In the evening, the boy’s family and the officer and the doctor and the government official come to the beach and ask the girl to let them inspect the vessel. She understands their request and doesn’t seem to mind; she politely moves aside and sits on her rock, her food table empty now, tossed to the side. The government official takes notes as the officer yells out descriptions of the things he finds inside. “Foreign, flattened mineral with a glass surface and a grid of foreign alphabet.”

Inside, they find more food, some of it in the strange jewellery paper. There is no water or any other liquid, although there are what seem to be containers for it. They are made out of the same ice-smooth material as the vessel and you can see through them like they’re glass, but they don’t break, even when you drop them.

The girl sits on the rock, her eyes fixed on the horizon, willfully unseeing the commotion in front of her. At one point, she looks back where the boy and his oldest brother are sitting watching her, and she smiles a sad little smile, which is directed at the oldest brother. In that moment, the boy wants to pinch his brother, but instead he bites on his lip until the thought passes.

The men are finally done, and they leave the vessel, speaking to each other quietly before approaching the girl. They are carrying a few objects from the inside, and the girl frowns but says nothing. When the officer asks her to pass him her flat white box, she shakes her head and grips it tighter. She sucks her lips in so hard that they look like a slit in the bottom of her face.

The officer makes an attempt to grab the box, but she swings around and her hair escapes the bonnet so violently, it’s as if someone set her head and back on fire.

The officer steps back and says, “Bitch.”

The girl turns away from him, her face crumpling. She points to the empty liquid container in the doctor’s hands and then to her mouth. The doctor and the officer confer with the government official, and it is decided that she will not be given fresh water—not yet. Nobody knows how dangerous any of this is and that the girl doesn’t have a way of turning water into a weapon. This strikes the boy as stupid. But the girl is stupid too. He says to his brother that he wishes she would just give them the box.

The boy watches as the girl slumps over herself, the fire hair like a warning against coming closer.

At night, the boy and the brother sneak out of their hut and walk to the beach. The girl is inside the vessel, and its top glows in the darkness like a moon jelly. They have brought her fresh water in a clay jug, which they place in front of the entrance.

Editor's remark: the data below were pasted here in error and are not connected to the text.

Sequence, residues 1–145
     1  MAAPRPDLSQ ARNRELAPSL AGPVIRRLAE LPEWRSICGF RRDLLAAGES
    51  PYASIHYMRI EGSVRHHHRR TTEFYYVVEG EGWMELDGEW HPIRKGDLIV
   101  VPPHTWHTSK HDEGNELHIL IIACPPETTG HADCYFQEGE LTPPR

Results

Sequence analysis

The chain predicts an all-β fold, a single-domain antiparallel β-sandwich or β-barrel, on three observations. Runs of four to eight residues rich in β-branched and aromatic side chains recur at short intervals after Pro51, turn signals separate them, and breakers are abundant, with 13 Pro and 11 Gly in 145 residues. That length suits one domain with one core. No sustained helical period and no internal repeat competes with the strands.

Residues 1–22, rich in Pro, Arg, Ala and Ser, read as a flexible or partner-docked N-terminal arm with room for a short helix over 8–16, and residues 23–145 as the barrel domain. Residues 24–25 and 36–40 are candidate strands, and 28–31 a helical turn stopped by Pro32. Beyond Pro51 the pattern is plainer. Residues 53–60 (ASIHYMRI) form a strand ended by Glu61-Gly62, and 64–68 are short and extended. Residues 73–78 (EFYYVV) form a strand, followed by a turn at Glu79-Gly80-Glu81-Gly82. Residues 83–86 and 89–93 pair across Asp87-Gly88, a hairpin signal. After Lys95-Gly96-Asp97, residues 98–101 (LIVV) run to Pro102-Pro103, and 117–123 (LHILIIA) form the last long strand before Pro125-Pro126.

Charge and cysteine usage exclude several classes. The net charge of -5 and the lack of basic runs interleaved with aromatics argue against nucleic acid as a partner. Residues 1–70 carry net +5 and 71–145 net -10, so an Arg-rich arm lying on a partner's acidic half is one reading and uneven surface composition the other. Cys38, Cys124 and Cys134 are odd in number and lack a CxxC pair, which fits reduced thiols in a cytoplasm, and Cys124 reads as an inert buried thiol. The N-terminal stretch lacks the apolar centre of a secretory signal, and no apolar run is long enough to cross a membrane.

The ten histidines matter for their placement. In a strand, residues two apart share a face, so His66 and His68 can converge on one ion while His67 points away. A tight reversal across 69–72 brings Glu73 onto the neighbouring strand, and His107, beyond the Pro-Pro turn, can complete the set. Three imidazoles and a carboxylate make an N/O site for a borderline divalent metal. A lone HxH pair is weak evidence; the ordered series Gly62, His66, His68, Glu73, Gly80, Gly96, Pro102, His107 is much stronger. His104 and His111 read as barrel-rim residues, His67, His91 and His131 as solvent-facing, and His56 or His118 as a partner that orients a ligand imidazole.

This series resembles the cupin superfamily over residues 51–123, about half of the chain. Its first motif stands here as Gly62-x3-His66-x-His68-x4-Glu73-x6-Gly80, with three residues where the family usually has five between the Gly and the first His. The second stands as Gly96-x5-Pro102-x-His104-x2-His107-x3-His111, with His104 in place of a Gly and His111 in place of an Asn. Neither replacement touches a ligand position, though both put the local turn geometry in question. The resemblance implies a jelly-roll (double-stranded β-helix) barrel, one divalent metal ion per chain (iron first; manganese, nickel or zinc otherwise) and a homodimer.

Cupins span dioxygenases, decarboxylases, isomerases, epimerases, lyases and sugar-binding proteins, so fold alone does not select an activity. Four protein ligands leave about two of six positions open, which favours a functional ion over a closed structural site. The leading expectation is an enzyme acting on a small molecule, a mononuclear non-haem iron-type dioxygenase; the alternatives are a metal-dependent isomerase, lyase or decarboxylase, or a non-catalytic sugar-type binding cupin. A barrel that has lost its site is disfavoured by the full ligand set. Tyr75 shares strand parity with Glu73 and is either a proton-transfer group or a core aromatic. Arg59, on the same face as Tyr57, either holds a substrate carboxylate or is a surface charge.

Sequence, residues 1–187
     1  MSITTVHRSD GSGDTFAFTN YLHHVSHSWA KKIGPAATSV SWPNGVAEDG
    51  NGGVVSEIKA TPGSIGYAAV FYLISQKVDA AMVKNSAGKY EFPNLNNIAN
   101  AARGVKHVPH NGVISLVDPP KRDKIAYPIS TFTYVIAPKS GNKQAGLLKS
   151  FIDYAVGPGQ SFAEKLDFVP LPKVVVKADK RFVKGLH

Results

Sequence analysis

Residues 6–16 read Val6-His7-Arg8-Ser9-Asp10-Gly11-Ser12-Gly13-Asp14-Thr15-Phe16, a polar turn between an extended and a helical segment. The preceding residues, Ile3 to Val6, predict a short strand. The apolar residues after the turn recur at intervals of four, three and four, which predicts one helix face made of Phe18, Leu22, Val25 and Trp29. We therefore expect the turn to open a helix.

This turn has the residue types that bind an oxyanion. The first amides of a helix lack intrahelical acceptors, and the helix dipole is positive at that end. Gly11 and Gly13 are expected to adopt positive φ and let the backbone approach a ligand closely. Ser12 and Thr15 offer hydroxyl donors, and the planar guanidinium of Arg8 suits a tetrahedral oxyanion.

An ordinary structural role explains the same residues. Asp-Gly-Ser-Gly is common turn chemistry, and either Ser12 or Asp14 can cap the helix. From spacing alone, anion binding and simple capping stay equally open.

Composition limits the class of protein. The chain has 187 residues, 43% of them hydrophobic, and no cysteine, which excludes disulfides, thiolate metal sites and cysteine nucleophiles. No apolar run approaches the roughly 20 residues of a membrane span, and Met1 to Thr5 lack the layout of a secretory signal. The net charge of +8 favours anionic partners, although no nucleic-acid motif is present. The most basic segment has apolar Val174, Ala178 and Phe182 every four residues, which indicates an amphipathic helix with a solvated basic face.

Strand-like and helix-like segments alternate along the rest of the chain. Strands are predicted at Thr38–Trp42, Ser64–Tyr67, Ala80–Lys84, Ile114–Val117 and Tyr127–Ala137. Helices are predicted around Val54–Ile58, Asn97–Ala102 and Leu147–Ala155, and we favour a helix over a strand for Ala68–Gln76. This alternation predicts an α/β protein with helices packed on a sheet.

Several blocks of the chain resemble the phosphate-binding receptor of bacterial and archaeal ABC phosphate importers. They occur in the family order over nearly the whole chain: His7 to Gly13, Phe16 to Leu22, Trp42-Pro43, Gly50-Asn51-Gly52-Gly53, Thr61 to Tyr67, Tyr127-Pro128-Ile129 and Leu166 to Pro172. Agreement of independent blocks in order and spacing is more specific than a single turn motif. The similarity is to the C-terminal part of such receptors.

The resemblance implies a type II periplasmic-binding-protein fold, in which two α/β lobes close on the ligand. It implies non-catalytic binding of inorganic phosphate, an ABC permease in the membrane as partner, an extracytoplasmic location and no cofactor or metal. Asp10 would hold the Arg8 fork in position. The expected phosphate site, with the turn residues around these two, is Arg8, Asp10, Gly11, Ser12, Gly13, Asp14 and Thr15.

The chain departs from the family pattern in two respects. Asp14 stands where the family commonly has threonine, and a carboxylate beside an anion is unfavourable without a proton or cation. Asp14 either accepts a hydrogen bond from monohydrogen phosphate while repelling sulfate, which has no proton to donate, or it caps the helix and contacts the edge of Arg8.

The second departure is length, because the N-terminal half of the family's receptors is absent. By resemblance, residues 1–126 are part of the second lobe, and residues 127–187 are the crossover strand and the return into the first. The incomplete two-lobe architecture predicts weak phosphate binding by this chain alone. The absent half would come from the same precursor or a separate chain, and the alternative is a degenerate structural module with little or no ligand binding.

The girl steps out of the vessel, and she tilts the jug to her lips. The boy and the brother watch her white throat undulate like a jellyfish tentacle as she drinks. The boy bends his head down to discreetly smell his armpit, aware of a new scent, a faint sour odour of fermented soybeans.

The next day, the girl is guarded in shifts by groups of three or two. It is reported she mostly naps or sits on the rock, staring into the sea, the evil box always in her lap. Sometimes she pokes at the box, and when she does, the box glows, turning her face a glowing blue as she bends over it, frowning. It is observed that she eliminates just like anyone and, just like anyone, she hides while doing so, behind a larger rock that obscures her from her watchers.

The boy and both of his brothers come in the evening, after supper. When the middle brother is not looking, the boy nods at the girl and then nods in the direction of a small bush where he has left a fresh jug of water.

The middle brother plays a mean game: he tells the girl crude things he would never say to a girl in the village, and he laughs when she smiles at him without understanding the meaning of his words. The oldest brother tells him to stop, and when he doesn’t stop, he punches him in the chest so hard, the middle brother doubles over. After that, he is mostly quiet. When their shift changes, he utters the same ugly word as the officer did.

It is decided that the girl and the vessel need to be examined further. Her reluctance to release the box is concerning, and her strange ability to thrive despite the lack of water alarms the men, especially the doctor who talks about human survival. With the government official, he composes a telegram to be sent to the city to alert them about the situation. The city replies to bring the girl in, along with the vessel. A transport truck will arrive the next morning. Somebody makes a joke about the girl’s body hair, and the men laugh. They are excited, as excited as if they were going to war.

The boy tells the oldest brother what he’s overheard. Tonight they must lose their middle brother. After the supper, the oldest brother reaches for the secret stash under his side of the bed and pulls out a small satchel. He counts the money and hands it over to the boy; he squeezes his fingers around the boy’s fist.

The boy sneaks out of the hut after the middle brother leaves for the tavern. The steaming, sweaty stones underneath the boy’s feet feel like a living, breathing creature as he slinks in the shadows against the wet walls of huts until he reaches the end of the village. He enters a small hut that stands right outside of the village, and he speaks to a girl there who has kind eyes and straight black hair, a blade in the night. He opens his fist, and she counts the money before giving him a peck on the cheek. When he thinks she’s not looking, he grabs his crotch, but she catches him and laughs behind a fanned-out hand and ruffles his hair once. (An hour later, at the tavern, she plops her ass on the lap of the middle brother, who drunkenly but playfully tries to push her away until she bends down and whispers in his ear.)